"They took branches of palm trees and went forth to meet him, and cried, Hosanna! Blessed is he who comes in the name of the Lord!” John 12:13.
Each Palm Sunday we take part in a traditional boundary walk to celebrate Jesus Christ’s triumphal entry into Jerusalem. This year it fell on Sunday 2nd April.
What is Palm Sunday?
Holy Week begins with Palm Sunday and celebrates the last days of Jesus Christ’s life. Jesus was warmly welcomed as he rode into Jerusalem during the Passover celebrations. Admired for his miracles and teachings, many saw him as the leader who would deliver them from Roman rule. Palm branches, as the traditional symbol of victory, were spread throughout the streets before him.
Over the centuries, the palm branch has become the traditional symbol of joy and victory - a sign of victory over the flesh and the world. It is also associated with the memory of Christian martyrs.
Palm Sunday is celebrated across the Christian church world wide. Almost universally, small crosses made from palm leaves have been offered to congregations since the Middle Ages. The palms are blessed and then used to make the ashes for Ash Wednesday for the next year.
Symbols and meanings
Churches may also have a procession to portray the Passion of Christ, involving people singing songs and waving palm leaves – a tradition that goes back to the 4th century! In Spanish Seville, Domingo de Ramos processions play a large part of the Holy Week commemorations. While in Italy on La Domenica delle Palme, piazzas in front of many churches are filled with people where they can buy olive and palm branches. In Rome, priests and deacons wear red garments and blessed palms are distributed during the church service.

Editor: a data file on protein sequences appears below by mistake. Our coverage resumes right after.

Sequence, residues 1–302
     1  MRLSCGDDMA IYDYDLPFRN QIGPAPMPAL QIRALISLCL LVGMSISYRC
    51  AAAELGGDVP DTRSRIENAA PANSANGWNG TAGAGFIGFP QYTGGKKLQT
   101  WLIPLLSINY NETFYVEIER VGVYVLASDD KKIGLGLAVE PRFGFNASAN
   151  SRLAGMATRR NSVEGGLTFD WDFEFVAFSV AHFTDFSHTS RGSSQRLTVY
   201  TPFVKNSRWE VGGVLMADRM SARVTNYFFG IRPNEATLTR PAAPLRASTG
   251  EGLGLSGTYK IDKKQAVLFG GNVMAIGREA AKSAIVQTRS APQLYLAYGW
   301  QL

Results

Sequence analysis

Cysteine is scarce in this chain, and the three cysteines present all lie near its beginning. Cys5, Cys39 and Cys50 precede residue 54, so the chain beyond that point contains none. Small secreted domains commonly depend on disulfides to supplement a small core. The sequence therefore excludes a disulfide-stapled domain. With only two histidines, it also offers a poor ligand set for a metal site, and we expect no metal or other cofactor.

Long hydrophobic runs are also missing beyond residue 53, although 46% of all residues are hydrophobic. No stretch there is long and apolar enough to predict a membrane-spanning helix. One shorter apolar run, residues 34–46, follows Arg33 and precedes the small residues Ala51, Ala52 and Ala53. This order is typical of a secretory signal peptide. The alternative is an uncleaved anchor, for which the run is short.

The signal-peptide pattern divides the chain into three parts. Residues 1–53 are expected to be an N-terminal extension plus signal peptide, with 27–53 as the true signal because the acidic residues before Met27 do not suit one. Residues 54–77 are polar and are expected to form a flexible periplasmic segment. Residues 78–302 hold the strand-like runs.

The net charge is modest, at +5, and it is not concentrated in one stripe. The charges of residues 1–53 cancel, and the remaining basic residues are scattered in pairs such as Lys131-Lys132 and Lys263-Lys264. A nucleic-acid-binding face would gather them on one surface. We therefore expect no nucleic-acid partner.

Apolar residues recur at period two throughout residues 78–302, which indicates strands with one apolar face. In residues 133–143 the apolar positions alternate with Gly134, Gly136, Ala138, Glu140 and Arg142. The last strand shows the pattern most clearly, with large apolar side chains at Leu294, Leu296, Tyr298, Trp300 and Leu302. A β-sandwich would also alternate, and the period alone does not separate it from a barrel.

Did you know that branches of willow, olive, box elder, spruce or other trees are used in places where palms are not available? Often they are later hung up in houses for good luck, buried to preserve crops, or used to decorate graves. The willow is sometimes later placed in the fields to ensure that there will be good harvests.
Some churches give people pax cakes at the end of a service, to symbolize peace and goodwill.
Different names, same celebration
Palm Sunday was traditionally called Olive or Branch Sunday as well as Sallow, Willow, Yew or Blossom Sunday. Elsewhere, it was also called Sunday of the Willow Boughs. These names represent the local replacements for the traditional palm branches. Other names for this day include Passion Sunday, Fig Sunday, Willow Sunday, Branch Sunday, or Blossom Sunday!
At Camphill Community Glencraig
So, with all this in our minds, we began our Easter week with our traditional Boundary walk, starting from Comgall at 4pm. We had a great turn out for our own procession, with smiling walkers and good weather. Many of our walkers carried symbolic palm crosses throughout and we sang joyfully.
There’s definitely the feeling now that Spring is here!
*Thanks to https://www.timeanddate.com/ for this information!